Who’s that there with the pop-punk album of the year? Why, it’s Neck Deep
THE PEACE AND THE PANIC (Hopeless) IN PONDERING LIFE, THE WREXHAM POP-PUNKS WRITE THE ALBUM OF THEIR LIVES
IFYOU’VE ever considered wearing a ‘Neck Deep generic pop punk’ shirt non-ironically, then pay attention, and forget everything you previously thought about the band. On third album The Peace And The Panic, gone are overly-whiny vocals and parts borrowed from their heroes – (cough) blink-182 – and in their place is the pop-punk album of 2017; 11 instantly-loveable, genuinelyunique tracks, sure to set Neck Deep on a career trajectory that mimics their heroes exactly.
The title perhaps sums up life for the fivesome over the past couple of years.while living a peaceful existence, playing shows in their band, they were thrown the kind of panic life has in store for us all eventually. In a horrible symmetry of events, singer Ben Barlow and bassist Fil Thorpe-evans both lost their dads whilst on tour, and in addition, each lost a close friend.the pair have gone from preaching that life’s not out to get you on album two, to ‘actually, life’s a dickhead and here’s how you deal with it’.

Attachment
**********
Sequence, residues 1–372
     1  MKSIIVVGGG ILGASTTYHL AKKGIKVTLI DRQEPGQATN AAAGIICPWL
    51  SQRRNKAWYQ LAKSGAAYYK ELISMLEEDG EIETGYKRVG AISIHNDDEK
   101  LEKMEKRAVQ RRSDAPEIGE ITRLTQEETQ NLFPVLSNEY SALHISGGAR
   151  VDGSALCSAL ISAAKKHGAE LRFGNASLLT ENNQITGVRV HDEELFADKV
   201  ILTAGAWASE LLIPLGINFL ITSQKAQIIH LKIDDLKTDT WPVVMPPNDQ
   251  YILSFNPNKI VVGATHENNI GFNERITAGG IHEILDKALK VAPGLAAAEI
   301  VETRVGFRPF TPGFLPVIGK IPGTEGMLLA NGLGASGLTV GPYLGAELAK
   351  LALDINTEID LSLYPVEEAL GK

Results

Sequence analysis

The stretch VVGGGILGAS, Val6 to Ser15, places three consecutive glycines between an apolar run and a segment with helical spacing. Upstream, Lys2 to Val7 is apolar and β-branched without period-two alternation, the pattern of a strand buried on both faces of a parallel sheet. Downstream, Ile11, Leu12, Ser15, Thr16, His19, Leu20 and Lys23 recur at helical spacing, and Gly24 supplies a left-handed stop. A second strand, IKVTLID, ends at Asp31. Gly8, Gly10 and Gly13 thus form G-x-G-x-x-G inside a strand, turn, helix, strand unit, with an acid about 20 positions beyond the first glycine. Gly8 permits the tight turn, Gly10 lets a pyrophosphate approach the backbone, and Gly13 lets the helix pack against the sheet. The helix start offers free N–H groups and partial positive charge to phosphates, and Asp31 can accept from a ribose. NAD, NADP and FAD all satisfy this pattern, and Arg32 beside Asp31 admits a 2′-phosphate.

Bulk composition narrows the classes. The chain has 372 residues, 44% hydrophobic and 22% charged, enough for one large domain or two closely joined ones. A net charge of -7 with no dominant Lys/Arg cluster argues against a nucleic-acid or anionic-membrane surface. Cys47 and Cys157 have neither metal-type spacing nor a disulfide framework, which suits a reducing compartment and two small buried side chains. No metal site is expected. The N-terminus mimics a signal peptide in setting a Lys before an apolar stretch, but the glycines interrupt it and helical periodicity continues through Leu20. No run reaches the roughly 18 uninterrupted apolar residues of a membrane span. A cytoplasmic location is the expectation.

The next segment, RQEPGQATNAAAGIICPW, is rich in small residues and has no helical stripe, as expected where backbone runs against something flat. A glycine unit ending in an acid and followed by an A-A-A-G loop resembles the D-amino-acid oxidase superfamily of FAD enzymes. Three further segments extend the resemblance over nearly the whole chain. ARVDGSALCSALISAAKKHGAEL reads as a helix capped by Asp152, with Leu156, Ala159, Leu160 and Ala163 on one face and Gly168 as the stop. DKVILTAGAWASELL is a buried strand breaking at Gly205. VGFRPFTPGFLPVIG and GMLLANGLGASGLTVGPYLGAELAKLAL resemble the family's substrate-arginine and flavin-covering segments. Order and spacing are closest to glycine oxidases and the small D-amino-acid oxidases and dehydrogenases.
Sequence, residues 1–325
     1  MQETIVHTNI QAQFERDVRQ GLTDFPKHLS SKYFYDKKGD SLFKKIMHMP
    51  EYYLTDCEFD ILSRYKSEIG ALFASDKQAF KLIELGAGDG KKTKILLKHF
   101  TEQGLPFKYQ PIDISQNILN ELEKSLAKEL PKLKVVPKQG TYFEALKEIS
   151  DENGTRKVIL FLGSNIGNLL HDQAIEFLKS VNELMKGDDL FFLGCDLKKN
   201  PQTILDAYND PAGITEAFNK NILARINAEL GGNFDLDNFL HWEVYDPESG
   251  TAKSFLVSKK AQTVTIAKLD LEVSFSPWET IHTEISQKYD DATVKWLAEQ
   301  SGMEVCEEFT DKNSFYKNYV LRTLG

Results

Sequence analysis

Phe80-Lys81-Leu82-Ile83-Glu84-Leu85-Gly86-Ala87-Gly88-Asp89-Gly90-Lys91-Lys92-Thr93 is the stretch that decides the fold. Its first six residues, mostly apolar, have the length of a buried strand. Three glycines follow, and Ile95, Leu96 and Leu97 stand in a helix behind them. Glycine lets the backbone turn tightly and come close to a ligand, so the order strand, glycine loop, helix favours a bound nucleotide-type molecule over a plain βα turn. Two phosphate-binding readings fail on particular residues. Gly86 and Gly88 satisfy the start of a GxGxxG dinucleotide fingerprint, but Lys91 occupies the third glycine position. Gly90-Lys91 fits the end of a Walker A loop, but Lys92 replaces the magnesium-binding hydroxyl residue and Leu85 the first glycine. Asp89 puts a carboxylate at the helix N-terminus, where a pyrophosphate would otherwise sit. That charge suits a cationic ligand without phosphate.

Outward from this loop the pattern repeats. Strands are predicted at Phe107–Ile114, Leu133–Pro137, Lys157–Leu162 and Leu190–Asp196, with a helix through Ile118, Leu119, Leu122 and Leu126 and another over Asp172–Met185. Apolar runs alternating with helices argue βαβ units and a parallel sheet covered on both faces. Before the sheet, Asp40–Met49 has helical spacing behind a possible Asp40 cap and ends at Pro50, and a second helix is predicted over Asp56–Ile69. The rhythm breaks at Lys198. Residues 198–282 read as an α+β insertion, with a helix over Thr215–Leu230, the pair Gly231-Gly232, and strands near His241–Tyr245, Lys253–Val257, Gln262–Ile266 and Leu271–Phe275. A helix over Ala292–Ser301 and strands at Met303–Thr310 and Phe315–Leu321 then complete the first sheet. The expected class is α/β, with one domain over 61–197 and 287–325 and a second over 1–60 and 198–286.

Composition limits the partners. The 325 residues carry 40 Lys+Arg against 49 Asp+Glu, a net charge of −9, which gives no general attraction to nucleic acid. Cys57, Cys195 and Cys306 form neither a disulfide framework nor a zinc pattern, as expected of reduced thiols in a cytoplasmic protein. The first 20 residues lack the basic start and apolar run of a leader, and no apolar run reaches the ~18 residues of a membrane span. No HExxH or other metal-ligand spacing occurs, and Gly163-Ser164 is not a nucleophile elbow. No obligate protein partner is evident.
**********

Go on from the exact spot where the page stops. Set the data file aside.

It’s the tracks that would have been hardest for Ben and Fil to craft that see them excel as songwriters. On Wish You Were Here, Fil delivers a brutally honest account of the car crash that took his oldest friend.as Ben sings,‘don’t say everything’s meant to be / ’Cause you know that’s not what I believe / Can’t help but think that it should have been me,’ over an acoustic guitar, you can’t help but be moved. Meanwhile, on 19 Seventy Sumthin’ – equally as frank – Ben tells the story of his parents meeting, marrying and raising a family through their eyes, before his dad suffers a heart attack, and the perspective flips and sees him comforting his mother towards the song’s uplifting ending. Both are brave, beautiful and tragic.
A 400-word review isn’t enough to dissect the intricacies of this record, and there’s plenty more that makes it brilliant, like (deep breath): politically-charged tracks Happy Judgement Day (which’ll stay in your head longer than Trump’ll be in office) and Don’t Wait (bolstered by vocals from Architects’ Sam Carter); The Grand Delusion, which chirpily addresses selfdoubt with the line,‘i think I would rather be anyone else but me’; hidden gem Critical Mistake, a superhooky, real-talk relationship track set firmly in 2017; and two songs contemplating life, Motion Sickness and closer Where Do We Go When We Go. ‘We are just passing by,’ states Ben, poignantly, on the final number – the catchiest on the record, encouraging you to press repeat on the entire effort – before his parting words:‘i don’t wanna wait for that goodbye to see what could’ve been / And I just wanna get one up on life before it kills me.’
We’d say that’s: Life 0 – Neck Deep 1. download: Where Do We Go When We Go. For Fans of: All Time Low, Sum 41.
RATINGS kkkkk = classic kkkk = excellent kkk = good kk = average k = poor